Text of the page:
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  • 1.
    Blomqvist, Sven
    et al.
    University of Gävle, Faculty of Health and Occupational Studies, Department of Health and Caring Sciences, Sports science.
    Ervasti, Per-Erik
    University of Gävle, Faculty of Health and Occupational Studies, Department of Health and Caring Sciences, Sports science.
    Elcadi, Guilherme H.
    University of Gävle, Faculty of Health and Occupational Studies, Department of Health and Caring Sciences, Sports science.
    Evaluating physical work load by position duing match in elite bandy2018In: Journal of Strength and Conditioning Research, ISSN 1064-8011, E-ISSN 1533-4287Article in journal (Refereed)
    Abstract [en]

    To improve current understandings of physical Workload (WL) in elite Bandy, ten bandy players were monitored for heart rate (HR) during thirteen matches over one championship season. Participants were divided into five subgroups according to playing position - libero, defender, halves, midfielder and forward. HR measurements were analyzed with two different methods to compute physical WL - (i) percentage of total time spent in different HR zones (HRres) and (ii) WL based on the Edwards method. Also determined was the time spent at HR levels above the lactate threshold (LT). A one-way ANOVA was used for analysis. For WL according to the Edwards method, significant differences (p=0.05) were shown between groups with defenders presenting the highest scores and forwards and liberos the lowest. A significant difference (p=0.05) was found between liberos and halves and the other positions as to how much time they spent in zone 70-80% of HRres. In 91-100% of HRres there was a distinct difference between defenders and the other positions and also forwards differed significantly from liberos, defenders and halves (p=0.05). The libero spent only one percent of the time over the LT, whereas the midfielder spent about 27% of the time over the LT. Overall, defenders showed the greatest WL during a match and liberos the lowest. The practical implications of these findings can help coaches and trainers design training methods specific to each position as well as individualized training sessions for each player in elite bandy.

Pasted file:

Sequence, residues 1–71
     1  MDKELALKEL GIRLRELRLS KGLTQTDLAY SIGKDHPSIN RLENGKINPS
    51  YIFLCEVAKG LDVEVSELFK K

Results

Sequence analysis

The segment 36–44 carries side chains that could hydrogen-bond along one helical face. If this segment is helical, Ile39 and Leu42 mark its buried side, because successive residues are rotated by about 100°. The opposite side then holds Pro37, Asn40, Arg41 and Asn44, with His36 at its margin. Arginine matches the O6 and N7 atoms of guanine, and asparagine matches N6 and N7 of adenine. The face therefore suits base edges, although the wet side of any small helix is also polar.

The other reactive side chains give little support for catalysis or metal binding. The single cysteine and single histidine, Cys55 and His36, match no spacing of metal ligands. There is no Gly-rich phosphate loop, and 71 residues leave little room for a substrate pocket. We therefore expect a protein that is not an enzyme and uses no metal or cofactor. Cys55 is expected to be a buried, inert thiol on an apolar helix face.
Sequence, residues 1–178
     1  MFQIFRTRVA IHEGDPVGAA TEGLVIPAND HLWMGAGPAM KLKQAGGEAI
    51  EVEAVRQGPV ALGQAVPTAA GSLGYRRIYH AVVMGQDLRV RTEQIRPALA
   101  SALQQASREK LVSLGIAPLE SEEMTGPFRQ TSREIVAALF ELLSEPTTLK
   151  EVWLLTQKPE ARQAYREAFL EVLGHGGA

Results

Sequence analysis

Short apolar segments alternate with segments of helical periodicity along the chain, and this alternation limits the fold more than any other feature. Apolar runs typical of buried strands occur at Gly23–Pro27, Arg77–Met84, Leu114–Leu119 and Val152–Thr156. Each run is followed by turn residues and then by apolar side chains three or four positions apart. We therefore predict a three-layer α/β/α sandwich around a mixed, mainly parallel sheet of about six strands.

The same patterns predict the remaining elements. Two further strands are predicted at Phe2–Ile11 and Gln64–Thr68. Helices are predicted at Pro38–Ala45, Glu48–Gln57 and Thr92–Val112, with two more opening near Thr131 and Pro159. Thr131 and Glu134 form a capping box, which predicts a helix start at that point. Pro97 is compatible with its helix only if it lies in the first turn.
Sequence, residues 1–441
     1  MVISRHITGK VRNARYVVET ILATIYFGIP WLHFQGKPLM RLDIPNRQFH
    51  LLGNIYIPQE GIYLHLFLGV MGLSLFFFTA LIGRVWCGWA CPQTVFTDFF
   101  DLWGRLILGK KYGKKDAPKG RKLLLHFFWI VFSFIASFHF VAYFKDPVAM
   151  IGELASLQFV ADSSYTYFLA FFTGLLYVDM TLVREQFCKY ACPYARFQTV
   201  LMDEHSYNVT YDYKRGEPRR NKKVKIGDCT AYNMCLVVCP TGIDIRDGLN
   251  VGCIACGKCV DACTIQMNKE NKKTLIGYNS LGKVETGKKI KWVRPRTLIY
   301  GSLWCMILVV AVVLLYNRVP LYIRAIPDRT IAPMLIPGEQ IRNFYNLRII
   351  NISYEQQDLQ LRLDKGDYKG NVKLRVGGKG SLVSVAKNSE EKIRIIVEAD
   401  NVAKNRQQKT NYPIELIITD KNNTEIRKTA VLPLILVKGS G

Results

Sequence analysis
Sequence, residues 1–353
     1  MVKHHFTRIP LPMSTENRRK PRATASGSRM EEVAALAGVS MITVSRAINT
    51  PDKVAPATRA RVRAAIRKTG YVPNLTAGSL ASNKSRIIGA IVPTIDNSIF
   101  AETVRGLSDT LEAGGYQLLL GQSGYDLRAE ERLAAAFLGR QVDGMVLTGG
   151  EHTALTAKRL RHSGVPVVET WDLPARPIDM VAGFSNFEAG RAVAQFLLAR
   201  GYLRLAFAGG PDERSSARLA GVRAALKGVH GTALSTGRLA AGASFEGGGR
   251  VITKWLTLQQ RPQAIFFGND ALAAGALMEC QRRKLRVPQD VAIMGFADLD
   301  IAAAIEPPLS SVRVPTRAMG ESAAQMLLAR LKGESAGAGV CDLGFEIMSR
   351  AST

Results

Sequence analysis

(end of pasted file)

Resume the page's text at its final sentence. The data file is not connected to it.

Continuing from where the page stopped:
• 2.
    Blomqvist, Sven
    et al.
    Swedish Development Center for Disability Sport, Bollnäs, Sweden.
    Olsson, Josefin
    Department of Community Medicine and Rehabilitation, Physiotherapy, Umea University, Umea, Sweden.
    Wallin, Louise
    Department of Community Medicine and Rehabilitation, Physiotherapy, Umea University, Umea, Sweden.
    Wester, Anita
    Department of Research and Evaluation, Swedish National Agency for Education, Stockholm, Sweden.
    Rehn, Börje
    Department of Community Medicine and Rehabilitation, Physiotherapy, Umea University, Umea, Sweden.
    Adolescents with intellectual disability have reduced postural balance and muscle performance in trunk and lower limbs compared to peers without intellectual disability2013In: Research in Developmental Disabilities, ISSN 0891-4222, E-ISSN 1873-3379, Vol. 34, no 1, p. 198-206Article in journal (Refereed)
    Abstract [en]

    For adolescent people with ID, falls are more common compared to peers without ID. However, postural balance among this group is not thoroughly investigated. The aim of this study was to compare balance and muscle performance among adolescents aged between 16 and 20 years with a mild to moderate intellectual disability (ID) to age-matched adolescents without ID. A secondary purpose was to investigate the influence of vision, strength, height and Body Mass Index (BMI) on balance. A group of 100 adolescents with ID and a control group of 155 adolescents without ID were investigated with five balance tests and three strength tests: timed up and go test, one leg stance, dynamic one leg stance, modified functional reach test, force platform test, counter movement jump, sit-ups, and Biering-Sørensen trunk extensor endurance test. The results showed that adolescents with an ID in general had significantly lower scores in the balance and muscle performance tests. The group with ID did not have a more visually dominated postural control compared to the group without ID. Height, BMI or muscle performance had no strong correlations with balance performance. It appears as if measures to improve balance and strength are required already at a young age for people with an ID.

  • 3.
    Blomqvist, Sven
    et al.
    University of Gävle, Faculty of Health and Occupational Studies, Department of Health and Caring Sciences, Sports science. University of Gävle, Faculty of Health and Occupational Studies, Department of Health and Caring Sciences, Sports science.
    Rehn, Börje
    Institutionen för Samhällsmedicin och Rehabilitering, Fysioterapi, Umeå universitet.
    Fysisk aktivitet och hälsa för personer med utvecklingsstörning2015In: Fysioterapi, ISSN 1653-5804, no 1, p. 26-31Article in journal (Other academic)
    Abstract [sv]